For the second year in a row, rumors of a deal between Microsoft and Yahoo swirled again days in advance of Microsoft's annual ad confab. The same story may very well surface next year. But if it does, both companies will still face the challenge of integrating two very different cultures, a giant set of systems and operations, and the difficulty of convincing advertisers less competition is better.
"For an advertiser this would be a really bad thing," said Gaston Legorburu, senior VP-chief creative officer for Sapient, the second-largest interactive agency, according to Ad Age's recent agency rankings.
Less than the sum of their parts
Competition between Yahoo and MSN has made both of the sites better from service and innovation standpoints, he noted. He's also skeptical the portals, if combined, could extract the same number of dollars they do separately. "The most valuable asset Yahoo has is its home page's reach," he said. "The next best thing is MSN's home page ... but there's a huge overlap. You combine those two things, and they're of less value to an advertiser."
The two actually share quite a bit of audience overlap. According to the most recent Nielsen/NetRatings numbers, Microsoft commanded 119.6 million unique online visitors and Yahoo had 108 million in March. Combined, their unduplicated reach would total 135.5 million; Google, meanwhile, reached 113 million.
Ad dollars are a different story. Google will command just over 32% of all online ad dollars this year, according to eMarketer projections, while Yahoo will take 18.7% and MSN 6.8%. AOL is expected to command 9.1% of the ad market. But buyers suggest it's unlikely a merged Yahoo and MSN would collect the sum of their individual totals.
Buyers would rather have four online portals with mass scale than three.
"We want a diversified basket," said Jordan Bitterman, VP-media director at Digitas. "For marketers, obviously [a merger] limits our choice a bit."
How it would make sense
A merger could also end up benefiting Yahoo and MSN's smaller rivals. Marketers say they would be unlikely to spend the same amount they spend on MSN and Yahoo separately, and that trickle-down effect would boost players such as AOL, CNET and Weather.com, which command a lot of online eyeballs.
In some ways, a deal would make sense, allowing the two to build off each other's strengths online. While Yahoo has struggled in the branded-original-video-content area, MSN has had early success through partnerships with production companies such as Reveille. Yahoo, meanwhile, has a larger audience and better targeting capabilities. Both need greater search share, and combining forces would bring them closer to owning a bigger share of that market.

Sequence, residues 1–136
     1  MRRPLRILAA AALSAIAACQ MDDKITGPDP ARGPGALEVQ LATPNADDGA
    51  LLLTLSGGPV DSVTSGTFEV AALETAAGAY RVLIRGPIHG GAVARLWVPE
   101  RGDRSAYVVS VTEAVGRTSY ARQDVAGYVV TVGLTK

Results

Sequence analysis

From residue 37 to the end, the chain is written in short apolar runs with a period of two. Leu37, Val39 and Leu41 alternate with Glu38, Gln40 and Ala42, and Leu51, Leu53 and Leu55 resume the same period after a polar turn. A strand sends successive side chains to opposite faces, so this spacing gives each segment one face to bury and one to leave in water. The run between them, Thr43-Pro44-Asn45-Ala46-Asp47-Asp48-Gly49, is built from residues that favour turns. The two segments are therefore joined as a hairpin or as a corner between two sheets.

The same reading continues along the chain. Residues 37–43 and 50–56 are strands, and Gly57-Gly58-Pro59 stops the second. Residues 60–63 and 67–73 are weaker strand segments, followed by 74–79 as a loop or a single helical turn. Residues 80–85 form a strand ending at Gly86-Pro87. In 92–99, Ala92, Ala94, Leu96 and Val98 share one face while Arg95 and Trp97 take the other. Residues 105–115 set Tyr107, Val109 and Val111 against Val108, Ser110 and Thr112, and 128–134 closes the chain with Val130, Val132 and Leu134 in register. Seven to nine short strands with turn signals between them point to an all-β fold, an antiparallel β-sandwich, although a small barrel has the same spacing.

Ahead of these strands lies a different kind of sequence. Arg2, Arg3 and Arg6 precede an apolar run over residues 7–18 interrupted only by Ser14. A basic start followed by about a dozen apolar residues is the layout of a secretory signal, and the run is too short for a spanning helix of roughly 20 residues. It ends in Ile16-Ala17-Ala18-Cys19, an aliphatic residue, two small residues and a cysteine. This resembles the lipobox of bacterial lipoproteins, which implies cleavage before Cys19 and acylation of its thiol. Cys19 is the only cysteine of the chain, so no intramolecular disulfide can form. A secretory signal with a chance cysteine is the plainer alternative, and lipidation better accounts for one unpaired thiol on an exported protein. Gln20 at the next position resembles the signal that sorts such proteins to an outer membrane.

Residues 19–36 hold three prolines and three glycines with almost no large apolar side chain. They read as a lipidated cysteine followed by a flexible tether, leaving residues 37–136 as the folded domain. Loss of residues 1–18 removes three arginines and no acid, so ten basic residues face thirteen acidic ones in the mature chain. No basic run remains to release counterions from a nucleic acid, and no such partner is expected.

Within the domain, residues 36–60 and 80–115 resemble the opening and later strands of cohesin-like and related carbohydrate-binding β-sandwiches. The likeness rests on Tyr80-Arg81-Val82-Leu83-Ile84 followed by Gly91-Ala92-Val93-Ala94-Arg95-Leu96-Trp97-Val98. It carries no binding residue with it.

Tolman Geffs, managing director at Jordon Edmiston Group, who believes such a deal is inevitable, argued it could create advertising value by collecting data across a greater number of sites online. "The value of having data on 25% of ad traffic is that it is significantly greater than the sum of 18% and 7%," he said.
The rumors also come amid talks Microsoft is set to make a big buy in the online ad space -- following its loss of DoubleClick to Google.
'A story to tell'
Joanne Bradford, chief media officer at MSN, told Ad Age earlier this week the company "will have a story to tell" amid all the recent acquisition talk. Just how big a story that will be is the question.
Microsoft needs to make an online acquisition that gives it access to more publishers or increases its reach, as Advertising.com does for AOL, and its name has been raised as a prospective purchaser of 24/7 Real Media. Other possible acquisition targets include aQuantive, which owns Atlas as well as the largest domestic interactive shop, Avenue A/ Razorfish, or ValueClick, which is the second-largest ad network after Advertising.com.
One reason talk of a deal resurfaced this week could be Microsoft's annual confab for its biggest advertiser clients, which kicks off tonight in Seattle. The closing speaker: Yahoo CEO Terry Semel.